How about you’re your relationship with Jason Mraz? Why do some client/LD relationship work so well for so long?
“That’s a tough one. I’ve worked for a slew of artists for short periods. It’s not that I wanted to leave, it’s that they either stopped working and I had to find another gig or they hired a new designer that wanted to bring in their own guy. Trust is most likely the most important ingredient; that and not taking yourself too seriously.”
Can you tell us the best thing about your job?
“I’m happiest when I’m left to my own devices programming a show or a song, when it’s just me and a lighting rig and a dark venue. I go into what my wife calls ‘mad scientist mode’. Hours fly by. I can be creative and unbothered. The other thing is the feeling I get when there’s a packed house going wild and the band on stage is just killing it. It’s an amazing feeling, even if I sort of get it vicariously. I used to like all of the international travel associated with my job, but now I’m older and just can’t be bothered. I know, I’ve been spoiled.”
What is the most challenging thing?
“Getting excited about doing a show when you’re exhausted and battling the flu. Everyone in any job has mornings where they wake up and just have a crappy outlook/attitude. I try to catch myself and kick my own ass by remembering that this is what I dreamed of doing. The other most challenging thing is when you’re faced with a bunch of crap gear (‘a flying junkyard’ as Nook Schoenfeld puts it) and techs who don’t even know how their own equipment works – or doesn’t work.”
You’ve worked for a lot of legendary artists. Is there one artist from the past who’s no longer with us that you wish you could have lit?
“The Clash, in their ‘London Calling’ period. How amazing would that be? Or Queen in their mid-1970s period, but with the current array of moving lights.”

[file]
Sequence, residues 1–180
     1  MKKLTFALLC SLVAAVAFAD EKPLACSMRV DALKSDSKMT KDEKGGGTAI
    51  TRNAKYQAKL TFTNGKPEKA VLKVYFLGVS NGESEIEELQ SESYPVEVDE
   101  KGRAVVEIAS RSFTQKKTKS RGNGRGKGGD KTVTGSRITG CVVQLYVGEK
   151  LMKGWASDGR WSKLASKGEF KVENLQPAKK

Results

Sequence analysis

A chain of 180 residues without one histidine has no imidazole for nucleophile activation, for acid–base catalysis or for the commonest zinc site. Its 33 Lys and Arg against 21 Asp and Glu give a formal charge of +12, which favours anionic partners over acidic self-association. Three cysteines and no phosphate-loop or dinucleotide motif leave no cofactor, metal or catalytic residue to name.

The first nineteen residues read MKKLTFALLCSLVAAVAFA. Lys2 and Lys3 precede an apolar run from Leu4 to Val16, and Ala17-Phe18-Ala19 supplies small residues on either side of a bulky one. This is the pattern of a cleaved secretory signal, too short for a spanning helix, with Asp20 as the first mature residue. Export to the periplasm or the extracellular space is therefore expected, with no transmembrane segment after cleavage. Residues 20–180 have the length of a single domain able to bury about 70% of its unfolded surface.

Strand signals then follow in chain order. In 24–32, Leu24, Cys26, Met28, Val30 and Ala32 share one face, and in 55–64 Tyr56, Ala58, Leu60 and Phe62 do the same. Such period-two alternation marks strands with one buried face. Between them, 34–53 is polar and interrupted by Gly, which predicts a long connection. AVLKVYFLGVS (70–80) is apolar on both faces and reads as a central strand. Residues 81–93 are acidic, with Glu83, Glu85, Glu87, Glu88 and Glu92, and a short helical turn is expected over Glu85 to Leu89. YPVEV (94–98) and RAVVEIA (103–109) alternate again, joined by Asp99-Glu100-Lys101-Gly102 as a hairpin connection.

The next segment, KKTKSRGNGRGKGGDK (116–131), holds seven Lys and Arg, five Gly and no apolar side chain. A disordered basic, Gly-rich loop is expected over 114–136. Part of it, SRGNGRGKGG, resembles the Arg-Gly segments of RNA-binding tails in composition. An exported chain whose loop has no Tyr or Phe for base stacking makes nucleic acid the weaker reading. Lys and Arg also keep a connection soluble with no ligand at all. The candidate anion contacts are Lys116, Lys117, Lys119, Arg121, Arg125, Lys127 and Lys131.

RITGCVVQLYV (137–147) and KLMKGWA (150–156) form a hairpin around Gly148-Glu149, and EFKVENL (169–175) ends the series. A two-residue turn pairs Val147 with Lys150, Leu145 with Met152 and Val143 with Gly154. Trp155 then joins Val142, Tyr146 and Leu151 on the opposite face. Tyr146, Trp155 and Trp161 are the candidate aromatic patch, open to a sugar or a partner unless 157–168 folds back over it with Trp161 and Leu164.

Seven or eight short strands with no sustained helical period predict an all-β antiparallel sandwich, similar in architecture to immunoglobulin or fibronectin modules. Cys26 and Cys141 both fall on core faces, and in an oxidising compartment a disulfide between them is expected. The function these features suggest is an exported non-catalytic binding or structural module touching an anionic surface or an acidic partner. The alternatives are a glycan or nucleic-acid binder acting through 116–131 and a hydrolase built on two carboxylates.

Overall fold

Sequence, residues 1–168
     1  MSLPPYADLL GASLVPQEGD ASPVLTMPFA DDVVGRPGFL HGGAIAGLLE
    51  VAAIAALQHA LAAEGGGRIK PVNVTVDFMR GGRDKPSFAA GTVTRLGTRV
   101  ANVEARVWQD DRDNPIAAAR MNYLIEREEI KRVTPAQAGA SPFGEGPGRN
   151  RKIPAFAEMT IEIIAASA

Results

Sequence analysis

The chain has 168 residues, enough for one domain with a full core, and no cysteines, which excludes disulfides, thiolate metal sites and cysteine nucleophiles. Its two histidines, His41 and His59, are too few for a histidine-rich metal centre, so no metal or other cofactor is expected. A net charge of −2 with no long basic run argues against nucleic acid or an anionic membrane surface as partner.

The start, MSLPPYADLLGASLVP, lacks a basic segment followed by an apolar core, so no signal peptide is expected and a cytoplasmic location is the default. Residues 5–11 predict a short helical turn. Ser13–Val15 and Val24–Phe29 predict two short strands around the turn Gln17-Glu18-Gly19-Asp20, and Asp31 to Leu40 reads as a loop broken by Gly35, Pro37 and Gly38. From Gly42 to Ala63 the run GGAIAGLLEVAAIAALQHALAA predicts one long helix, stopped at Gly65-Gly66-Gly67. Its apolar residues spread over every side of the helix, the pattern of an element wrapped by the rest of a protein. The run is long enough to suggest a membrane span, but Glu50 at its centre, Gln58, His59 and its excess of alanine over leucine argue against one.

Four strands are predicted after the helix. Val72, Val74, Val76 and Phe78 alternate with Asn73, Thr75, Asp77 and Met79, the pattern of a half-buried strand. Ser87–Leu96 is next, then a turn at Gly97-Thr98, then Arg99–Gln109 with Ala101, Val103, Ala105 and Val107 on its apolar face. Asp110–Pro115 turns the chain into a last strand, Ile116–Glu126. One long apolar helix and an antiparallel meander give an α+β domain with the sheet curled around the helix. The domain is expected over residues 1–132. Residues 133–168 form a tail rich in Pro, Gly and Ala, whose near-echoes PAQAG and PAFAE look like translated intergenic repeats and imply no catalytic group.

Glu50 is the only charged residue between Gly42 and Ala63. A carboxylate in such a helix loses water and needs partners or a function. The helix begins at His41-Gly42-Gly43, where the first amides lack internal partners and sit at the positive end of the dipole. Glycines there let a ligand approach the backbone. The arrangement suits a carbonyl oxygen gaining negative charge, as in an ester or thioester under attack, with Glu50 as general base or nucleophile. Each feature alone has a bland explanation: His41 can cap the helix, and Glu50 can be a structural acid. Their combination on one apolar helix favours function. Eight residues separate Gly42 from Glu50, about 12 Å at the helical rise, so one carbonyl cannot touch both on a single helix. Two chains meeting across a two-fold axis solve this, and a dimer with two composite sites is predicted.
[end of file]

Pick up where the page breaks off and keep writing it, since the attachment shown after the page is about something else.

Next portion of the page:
Earlier you mentioned international travel. Having worked all over the world, do you have a most favorite and least favorite venue?
“I’ve always maintained that the most famous and iconic venues are the biggest pains — The Gorge, Red Rocks, Royal Albert Hall, Madison Square Garden, Carnegie Hall, Budokan; all classic places, all a production nightmare. Those are places you just have to suck it up and remember that the audience loves these venues for live music. Least favorite venue is tough because I tend to forget (purposely) the rough ones. Best ones? There was a place in the UK called The Town & Country that I loved, but that could be because I was young and didn’t know any better. I always liked the Molson Amphitheatre in Toronto, but that could be because the catering is always stellar.”
What are the most important personality traits you need to succeed in this business?
“’Blessed are the flexible, for they do not get bent out of shape’. Don’t know who said that, but it’s a great quote. That’s the number one thing that helps you deal with whatever comes your way. When I’m new to an organization, it’s interesting to see how the crew handles adversity. It’s easy to be chill and a nice guy/girl when things are going well; but a person’s true mettle comes out when they are put to the test. The second trait is to have a positive, upbeat personality. When you’re in a bind and you need something, people will go out of their way to help you if you were cool with them. The other thing would be attitude–liking what you do. There are so many crappy jobs in the world. We’re fortunate to be doing what we do. It’s easy to forget that when you’re in some toilet of a venue, but it’s still better than cleaning actual toilets.”
How would you like to be remembered as a designer/director?
“I’m the proverbial ‘man behind the curtain’ that you shouldn’t notice. Hopefully I just set a mood for both the audience and band members. I’d like to be remembered for being easy to work with and doing shows where both the music and lighting were great.”